Peter John Hill made an interesting observation in a comment to my “The TRILLing brain split” post; he wrote “TRILL really is routing at layer 2.”
He’s partially right – TRILL uses a routing protocol (IS-IS) and the TRILL protocol used to forward Ethernet frames (TRILL data frames) definitely has all the attributes of a layer-3 protocol:
- TRILL data frames have layer-3 addresses (RBridge nickname);
- They have a hop count;
- Layer-2 next-hop is always the MAC address of the next-hop RBridge;
- As the TRILL data frames are propagated between RBridges, the outer MAC header changes.
In his comment to one of my TRILL posts, Petr Lapukhov has asked the fundamental question: “how is bridging different from routing?”. It’s impossible to give a concise answer (let alone something as succinct as 42) as the various kludges and workarounds (including bridges and their IBM variants) have totally muddied the waters. However, let’s be pragmatic and compare Ethernet bridging with IP (or CLNS) routing. Throughout this article, bridging refers to transparent bridging as defined by the IEEE 802.1 series of standards.
Design scope. IP was designed to support global packet switching network infrastructure. Ethernet bridging was designed to emulate a single shared cable. Various design decisions made in IP or Ethernet bridging were always skewed by these perspectives: scalability versus transparency.
The split personality Cisco has exposed at Cisco Live 2010 is amazing: on one hand you have the Data Center team touting the benefits of Routing at Layer 2 (an oxymoron if I’ve ever seen one), on the other hand you have Russ White extolling the virtues of good layer-3 design in the CCDE training (the quote I like most: “It all meets at Layer 3 ... that’s why CCDE is layer-3 centric”). If you’re confused, you’re not the only one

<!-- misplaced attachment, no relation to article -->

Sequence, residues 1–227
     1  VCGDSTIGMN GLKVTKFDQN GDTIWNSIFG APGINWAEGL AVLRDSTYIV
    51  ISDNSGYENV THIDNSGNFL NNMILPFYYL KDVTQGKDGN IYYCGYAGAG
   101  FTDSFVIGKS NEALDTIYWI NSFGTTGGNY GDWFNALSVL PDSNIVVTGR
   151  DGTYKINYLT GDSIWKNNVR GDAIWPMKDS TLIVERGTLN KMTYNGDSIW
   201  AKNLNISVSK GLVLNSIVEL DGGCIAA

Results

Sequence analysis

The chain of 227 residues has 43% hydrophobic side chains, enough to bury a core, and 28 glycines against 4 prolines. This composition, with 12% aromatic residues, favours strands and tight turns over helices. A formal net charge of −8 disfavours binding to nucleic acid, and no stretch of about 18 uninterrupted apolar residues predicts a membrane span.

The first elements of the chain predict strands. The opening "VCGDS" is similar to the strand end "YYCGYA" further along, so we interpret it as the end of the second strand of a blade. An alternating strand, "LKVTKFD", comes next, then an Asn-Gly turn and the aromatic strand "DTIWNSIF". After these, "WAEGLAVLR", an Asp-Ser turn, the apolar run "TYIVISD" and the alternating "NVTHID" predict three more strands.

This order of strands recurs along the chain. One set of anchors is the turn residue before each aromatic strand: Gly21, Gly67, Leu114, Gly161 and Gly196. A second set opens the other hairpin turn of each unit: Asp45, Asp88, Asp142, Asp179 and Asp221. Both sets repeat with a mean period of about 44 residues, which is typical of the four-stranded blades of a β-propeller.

Read more ... (this time @ etherealmind.com)
Tired of losing half of your bandwidth to spanning tree? TRILL will solve all your problems, bring the world peace and make better coffee than Starbucks (hint: the second claim is fake and the third one is not so hard to achieve).
Undoubtedly TRILL is an interesting technology that can alleviate the spanning tree limitations. Unfortunately I’ve seen a very similar technology being heavily misused in the past (resulting in some fantastic failures) and remain skeptical about the deployment of TRILL. My worst case scenario: TRILL will make it too simple to deploy plug-and-pray bridged (vendors will call them “switched”) networks with no underlying design that will grow beyond control and implode.
Greg Ferro has kindly invited me to be a guest author on his excellent blog Etherealmind.com and I simply had to spill my thoughts on TRILL in the TRILL: It’s a DéJà-Vu All Over Again article after they’ve been discussing it during one of the Packet Pushers podcast.